I’ve never drunk a cup of coffee in my life; I can’t stand the smell or taste. I am, however, somewhat obsessed with elephants and a new blend coming from Thailand/Vietnam might just get me to try a cup. Or not. Maybe I’ll just stick to my go-to hot beverage, Market Spice tea.
Elephant dung coffee works like this:
Vietnamese elephant owners feed their elephants high-quality coffee cherries. The cherries are then “processed” through the elephant’s digestive system and deposited in a lump of dung at the other end. The beans are then dried in the sun before being washed, roasted, and ground. The taste has been described as fragrant and buttery, even chocolaty.
The ball point pen was invented in the 1950s. A Frenchman, Marcel Bich, helped perfect it. You know his contribution as the the Bic Pen. Unfortunately for Marcel, the French government believed the invention would undermine the moral fibre of French youth and banned it from schools for a decade and a half. It took an Act of Parliament to get the Bic into French schools.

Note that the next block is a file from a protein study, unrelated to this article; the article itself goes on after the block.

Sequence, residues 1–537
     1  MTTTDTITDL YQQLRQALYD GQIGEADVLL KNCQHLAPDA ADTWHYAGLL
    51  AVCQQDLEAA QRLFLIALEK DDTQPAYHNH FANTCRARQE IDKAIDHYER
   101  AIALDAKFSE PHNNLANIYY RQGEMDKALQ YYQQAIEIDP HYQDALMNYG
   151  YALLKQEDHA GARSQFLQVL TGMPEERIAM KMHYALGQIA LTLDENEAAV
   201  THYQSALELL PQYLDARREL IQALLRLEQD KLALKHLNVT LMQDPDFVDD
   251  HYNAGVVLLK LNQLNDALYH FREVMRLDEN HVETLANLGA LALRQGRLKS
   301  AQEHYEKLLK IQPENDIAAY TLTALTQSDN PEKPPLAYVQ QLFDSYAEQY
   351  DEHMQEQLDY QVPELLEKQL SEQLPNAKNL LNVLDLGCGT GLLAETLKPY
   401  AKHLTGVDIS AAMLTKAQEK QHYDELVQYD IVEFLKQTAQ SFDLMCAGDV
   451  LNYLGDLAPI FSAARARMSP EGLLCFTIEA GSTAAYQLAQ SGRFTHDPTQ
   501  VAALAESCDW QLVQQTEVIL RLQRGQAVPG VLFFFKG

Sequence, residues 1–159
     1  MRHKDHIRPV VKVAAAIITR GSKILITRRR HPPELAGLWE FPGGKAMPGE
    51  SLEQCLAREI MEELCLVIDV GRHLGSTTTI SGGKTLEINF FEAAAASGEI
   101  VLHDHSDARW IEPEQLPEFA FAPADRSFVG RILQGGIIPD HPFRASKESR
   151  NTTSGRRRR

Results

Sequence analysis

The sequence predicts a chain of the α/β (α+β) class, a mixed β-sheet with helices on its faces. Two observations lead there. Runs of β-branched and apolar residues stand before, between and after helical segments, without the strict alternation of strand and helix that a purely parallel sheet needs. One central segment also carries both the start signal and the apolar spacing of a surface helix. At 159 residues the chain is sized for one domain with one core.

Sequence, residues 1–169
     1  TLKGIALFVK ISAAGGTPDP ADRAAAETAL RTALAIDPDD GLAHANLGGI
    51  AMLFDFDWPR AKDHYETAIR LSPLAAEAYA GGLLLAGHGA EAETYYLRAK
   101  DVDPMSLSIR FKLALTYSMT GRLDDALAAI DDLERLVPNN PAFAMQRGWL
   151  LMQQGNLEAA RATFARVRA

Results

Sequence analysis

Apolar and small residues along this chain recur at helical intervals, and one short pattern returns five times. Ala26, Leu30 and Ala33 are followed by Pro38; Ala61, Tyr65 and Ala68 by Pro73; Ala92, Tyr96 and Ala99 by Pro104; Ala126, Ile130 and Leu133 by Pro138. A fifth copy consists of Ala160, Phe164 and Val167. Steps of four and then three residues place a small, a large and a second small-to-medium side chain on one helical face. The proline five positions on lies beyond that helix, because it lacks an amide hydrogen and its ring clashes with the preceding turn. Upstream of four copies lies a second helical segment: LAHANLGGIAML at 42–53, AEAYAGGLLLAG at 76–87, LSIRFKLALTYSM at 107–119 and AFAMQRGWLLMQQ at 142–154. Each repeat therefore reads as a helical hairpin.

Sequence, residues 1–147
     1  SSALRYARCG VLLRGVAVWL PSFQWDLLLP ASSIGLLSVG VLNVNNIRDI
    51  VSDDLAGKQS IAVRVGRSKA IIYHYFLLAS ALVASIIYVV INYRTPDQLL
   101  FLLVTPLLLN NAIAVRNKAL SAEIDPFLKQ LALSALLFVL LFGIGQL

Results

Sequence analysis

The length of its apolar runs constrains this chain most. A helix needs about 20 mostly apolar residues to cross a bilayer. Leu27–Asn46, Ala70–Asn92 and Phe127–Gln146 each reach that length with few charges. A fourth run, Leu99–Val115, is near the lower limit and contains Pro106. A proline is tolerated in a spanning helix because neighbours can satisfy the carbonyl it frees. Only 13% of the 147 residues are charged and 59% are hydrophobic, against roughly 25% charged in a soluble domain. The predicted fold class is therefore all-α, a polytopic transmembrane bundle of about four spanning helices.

Lest you think the French have a monopoly on such nonsense, consider that when tea was introduced to Britain centuries ago an esteemed British academic wrote treatises against its introduction that put REEFER MADNESS to shame, claiming it rendered users drug slaves unable to think for themselves and left to moral turpitude under its evil influence.
“This drug is especially efficient in producing nightmares with hallucinations which may be alarming in their intensity. Another peculiar quality of it is to produce a strange and extremely degree of physical depression. An hour or two after it has been taken a degree of sinking may cease upon the sufferer so that to speak is an effort. By miseries such as these the best years of life may be spoiled.”
— The Regis professor of physics at Cambridge, in, writing about tea in the early 20th century